I remember many houses in the early Sixties which still had the out side toilet sited at the bottom of the garden the water supply no more than a cold tap out side the house with an earthenware sink (known as the bosh) with nothing changed for nearly 100 years. As well as building houses from local quarried stone, other facilities were constructed since the needs of the workingman had to be catered for. The first ale house in the valley was said to be sited in Abercwmboi called the Cap-Coch Inn, Inns opened up all over the valley. 1809 the first inn at Mountain Ash was constructed called the Mountain Ash Inn, but the oldest surviving pub in Mountain Ash is the Mariner Hotel. Other public houses include the Mount Pleasant Hotel (1835) Trecynon, Whitcombe Inn (1861) Aberdare, White Lion (1841) Gadlys, Tonglwydfawr Holford inn (1854) Cwmdare, Plough Inn (1848) Aberaman, Shepherds Arms (1850) Cwmaman, to name but a few. With local breweries opening, Abergwawr brewery and the Rock brewery to name but two all to satisfy the thirst of the collier and the hundreds of workmen who were supplying all the other skills required to create a community.
Religion played a major part in the community in the nineteenth century, St. Michael’s and All Angels College was established in Aberdare in 1892 at Abernant House the former residence of ironmaster Richard Fothergill. The Theological College was opend to train clergymen for the four Welsh Dioceses. The College founded by Miss Olive Talbot of Margam Park was transferred to Llandaff in 1907. Chapels were built in Cynon Valley and every village wanted its own, Baptist Chapels, the Welsh Independent Chapels, Methodist Chapels, towering buildings dominating the Towns and villages. Built out of local stone some with dressed stone frontage, one can imagine how they looked when newly constructed the variety of colours within the stonework standing out soon to be blackened by the soot and grime of the industrial revolution that was taking place. Many of the chapels have survived and some have been restored to their former splendour. Sadly a large number have disappeared and some derelict chapels were converted into living accommodation. Others became small units for industrial use.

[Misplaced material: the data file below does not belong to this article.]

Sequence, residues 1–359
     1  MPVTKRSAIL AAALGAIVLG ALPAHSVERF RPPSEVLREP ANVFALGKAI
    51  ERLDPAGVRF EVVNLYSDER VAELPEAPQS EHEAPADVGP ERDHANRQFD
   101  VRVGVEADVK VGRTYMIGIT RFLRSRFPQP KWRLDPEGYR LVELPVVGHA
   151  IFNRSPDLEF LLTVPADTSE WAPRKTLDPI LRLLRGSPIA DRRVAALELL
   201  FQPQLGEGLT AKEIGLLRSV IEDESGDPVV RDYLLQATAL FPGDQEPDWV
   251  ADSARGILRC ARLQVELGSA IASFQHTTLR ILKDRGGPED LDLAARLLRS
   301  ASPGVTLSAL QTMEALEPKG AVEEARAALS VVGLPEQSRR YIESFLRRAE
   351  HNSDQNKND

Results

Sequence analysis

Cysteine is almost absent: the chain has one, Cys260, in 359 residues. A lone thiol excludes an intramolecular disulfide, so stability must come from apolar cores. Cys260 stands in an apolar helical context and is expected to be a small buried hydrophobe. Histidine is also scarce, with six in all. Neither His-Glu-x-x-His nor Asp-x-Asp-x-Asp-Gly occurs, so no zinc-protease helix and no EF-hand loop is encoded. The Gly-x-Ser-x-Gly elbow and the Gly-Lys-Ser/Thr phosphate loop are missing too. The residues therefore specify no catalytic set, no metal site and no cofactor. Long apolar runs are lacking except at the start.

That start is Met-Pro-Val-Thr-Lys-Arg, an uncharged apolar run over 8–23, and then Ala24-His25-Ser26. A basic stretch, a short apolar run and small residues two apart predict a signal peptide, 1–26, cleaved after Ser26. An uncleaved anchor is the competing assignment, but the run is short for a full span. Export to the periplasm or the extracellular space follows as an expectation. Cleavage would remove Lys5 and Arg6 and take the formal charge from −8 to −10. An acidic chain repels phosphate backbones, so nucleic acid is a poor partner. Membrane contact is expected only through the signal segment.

There were Hospitals in Mountain Ash and Aberdare. In 1892 The Fever Hospital was built at Llanwonno Road its primary use was to treat infectious diseases. The Cottage Hospital was constructed in 1894 at Granville Terrace Caegarw and the General Hospital at Duffryn Woods was opened by Lord Aberdare in 1924 at a cost of £56.000. Aberdare General Hospital opened in 1917 but unfortunately on September 12th 1929 fire damaged the historic building and took the lives of two firemen. The hospital was reconstructed and officially opened by the Duchess of York in April 1933.
Wood then coal was the primary source of fuel in the area. In1873, the Aberaman Gas Works was built on the site now used by Rhondda Cynon Taff County Borough Council. Called The Aberdare and Aberaman Gas Consumers Company, the former works were sited at Tudor Place Abergwawr. The Nixon Company established their Gas Company at Navigation Yard Mountain Ash and this was taken over by the Board of Health in 1887. A new works was established at Penrhiwceiber providing gas for Abercwmboi and Ynysybwl. Before the invention of the gas light all industry homes chapels etc., used candles or oil lamps for illumination. On the 30 March 1911 Aberdare Council opend an electricity undertaking for the valley with the operating of a power station generating DC. electricity. The power station was converted to AC. electricity completely by 1933 In 1911 tram rails were laid down, and electric trams ran from Trecynon to Aberaman, passing through Cardiff Road Aberdare. Electric trolley buses were used to ferry passengers from surrounding area to the nearest pickup points on the trams route. Later trams ran to Cwmaman and Abercwmboi. The last Council tram ran in 1935.